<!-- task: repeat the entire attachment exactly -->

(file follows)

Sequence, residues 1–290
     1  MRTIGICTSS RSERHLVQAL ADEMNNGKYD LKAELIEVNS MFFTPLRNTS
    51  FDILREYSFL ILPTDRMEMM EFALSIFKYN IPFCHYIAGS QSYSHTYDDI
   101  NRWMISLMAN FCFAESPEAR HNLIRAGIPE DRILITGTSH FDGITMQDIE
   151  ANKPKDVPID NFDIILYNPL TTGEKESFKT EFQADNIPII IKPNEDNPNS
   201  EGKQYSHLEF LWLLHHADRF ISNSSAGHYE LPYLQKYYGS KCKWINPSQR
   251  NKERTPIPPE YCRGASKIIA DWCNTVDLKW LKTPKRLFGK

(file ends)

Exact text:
Sequence, residues 1–290
     1  MRTIGICTSS RSERHLVQAL ADEMNNGKYD LKAELIEVNS MFFTPLRNTS
    51  FDILREYSFL ILPTDRMEMM EFALSIFKYN IPFCHYIAGS QSYSHTYDDI
   101  NRWMISLMAN FCFAESPEAR HNLIRAGIPE DRILITGTSH FDGITMQDIE
   151  ANKPKDVPID NFDIILYNPL TTGEKESFKT EFQADNIPII IKPNEDNPNS
   201  EGKQYSHLEF LWLLHHADRF ISNSSAGHYE LPYLQKYYGS KCKWINPSQR
   251  NKERTPIPPE YCRGASKIIA DWCNTVDLKW LKTPKRLFGK